Causes and prevention of testicular cancer
The exact cause of testicular cancer is unknown. But there are certain things called risk factors that can increase your chance of getting the disease. These include:
- Undescended testicle: Testicular cancer is more common in men with a testicle that did not descend, or which descended some time after birth.
- Previous history of testicular cancer: You are slightly more at risk if you have had testicular cancer in the past.
- Family history of testicular cancer: You are more at risk if your father or brother had the disease.
- Fertility problems: If you have fertility problems, you have a small risk of testicular cancer. A vasectomy does not increase your risk of developing it.
- Mumps: If you had a rare complication of mumps called mumps orchitis, your risk increases.
- Ethnic and social group: If you are white skinned, you have a higher chance of getting testicular cancer than African-Caribbean or Asian men. Testicular cancer is also more common if you are in a wealthier social group.
- Klinefelter´s syndrome: This is a sex chromosome disorder that causes low levels of male hormones, sterility, breast enlargement and small testicles. If you have the syndrome, you have an increased risk of testicular cancer.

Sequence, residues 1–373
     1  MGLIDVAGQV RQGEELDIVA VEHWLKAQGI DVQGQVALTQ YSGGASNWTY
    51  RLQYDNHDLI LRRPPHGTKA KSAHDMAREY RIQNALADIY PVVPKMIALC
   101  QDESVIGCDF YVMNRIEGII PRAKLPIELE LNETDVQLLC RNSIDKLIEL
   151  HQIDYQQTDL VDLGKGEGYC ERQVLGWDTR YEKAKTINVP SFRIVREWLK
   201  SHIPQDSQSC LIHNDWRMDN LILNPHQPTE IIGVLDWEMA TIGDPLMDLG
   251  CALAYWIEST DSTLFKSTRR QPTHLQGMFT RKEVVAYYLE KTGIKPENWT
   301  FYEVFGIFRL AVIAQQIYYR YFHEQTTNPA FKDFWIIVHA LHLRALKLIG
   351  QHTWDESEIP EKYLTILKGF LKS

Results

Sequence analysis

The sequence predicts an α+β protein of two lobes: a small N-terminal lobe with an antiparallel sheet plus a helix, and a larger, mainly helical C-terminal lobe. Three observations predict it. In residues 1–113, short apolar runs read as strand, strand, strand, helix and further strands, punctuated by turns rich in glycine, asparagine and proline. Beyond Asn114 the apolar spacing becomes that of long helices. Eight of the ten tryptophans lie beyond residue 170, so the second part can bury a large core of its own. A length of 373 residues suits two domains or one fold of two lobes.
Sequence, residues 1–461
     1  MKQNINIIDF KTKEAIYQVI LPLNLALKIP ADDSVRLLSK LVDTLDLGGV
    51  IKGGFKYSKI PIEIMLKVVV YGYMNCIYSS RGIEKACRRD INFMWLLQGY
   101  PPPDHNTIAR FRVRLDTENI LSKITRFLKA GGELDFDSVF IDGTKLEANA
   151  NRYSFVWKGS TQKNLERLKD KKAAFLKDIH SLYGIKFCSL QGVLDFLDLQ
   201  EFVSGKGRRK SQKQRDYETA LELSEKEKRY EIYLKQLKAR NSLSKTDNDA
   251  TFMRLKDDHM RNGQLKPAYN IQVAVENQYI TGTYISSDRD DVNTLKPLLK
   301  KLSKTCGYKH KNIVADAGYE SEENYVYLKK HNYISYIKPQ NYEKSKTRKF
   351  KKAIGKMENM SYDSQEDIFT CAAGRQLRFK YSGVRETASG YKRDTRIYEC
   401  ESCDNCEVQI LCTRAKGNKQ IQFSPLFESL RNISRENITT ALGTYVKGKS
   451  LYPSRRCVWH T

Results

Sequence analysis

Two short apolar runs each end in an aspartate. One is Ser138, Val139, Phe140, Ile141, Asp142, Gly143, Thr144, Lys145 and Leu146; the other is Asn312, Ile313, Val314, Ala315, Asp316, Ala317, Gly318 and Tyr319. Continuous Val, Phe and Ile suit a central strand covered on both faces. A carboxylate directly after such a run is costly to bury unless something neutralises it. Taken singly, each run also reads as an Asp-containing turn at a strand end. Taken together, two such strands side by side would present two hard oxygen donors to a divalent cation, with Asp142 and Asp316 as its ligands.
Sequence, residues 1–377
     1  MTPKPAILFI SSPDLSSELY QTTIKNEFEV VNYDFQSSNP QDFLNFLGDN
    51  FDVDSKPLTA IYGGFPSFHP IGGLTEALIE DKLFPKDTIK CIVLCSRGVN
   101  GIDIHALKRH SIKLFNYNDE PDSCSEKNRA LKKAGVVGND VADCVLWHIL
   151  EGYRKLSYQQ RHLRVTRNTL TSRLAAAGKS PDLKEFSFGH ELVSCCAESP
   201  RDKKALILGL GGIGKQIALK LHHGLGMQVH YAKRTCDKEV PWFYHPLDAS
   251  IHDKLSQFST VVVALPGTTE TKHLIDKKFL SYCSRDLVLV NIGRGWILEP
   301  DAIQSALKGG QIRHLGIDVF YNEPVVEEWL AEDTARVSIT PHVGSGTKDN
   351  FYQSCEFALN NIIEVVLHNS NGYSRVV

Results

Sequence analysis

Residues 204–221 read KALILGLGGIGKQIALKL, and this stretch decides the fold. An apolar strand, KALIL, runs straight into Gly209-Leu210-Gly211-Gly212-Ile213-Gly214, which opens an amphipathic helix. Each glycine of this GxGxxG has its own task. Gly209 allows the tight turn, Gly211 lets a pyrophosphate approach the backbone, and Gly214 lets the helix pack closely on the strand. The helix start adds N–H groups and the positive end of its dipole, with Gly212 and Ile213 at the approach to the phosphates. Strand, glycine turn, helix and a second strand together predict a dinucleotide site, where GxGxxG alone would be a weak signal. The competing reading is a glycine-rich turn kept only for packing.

There is no evidence that injury to your testicle will cause cancer but it may make it easier to notice. It is not certain if being around chemicals can cause testicular cancer.
Research is also checking to see if tall men have a higher risk or not. Remember testicular cancer is not infectious and cannot be passed on to other people. There is also no link between vasectomy and testicular cancer.
If you feel you might be at risk, talk to your family doctor (GP) about your concerns. He or she may advise you to visit a specialist. If you had undescended testes as a baby, examine your testicles regularly.
For more information on testicular cancer and ways to reduce your risk, see our leaflet Testicular cancer – What you should know.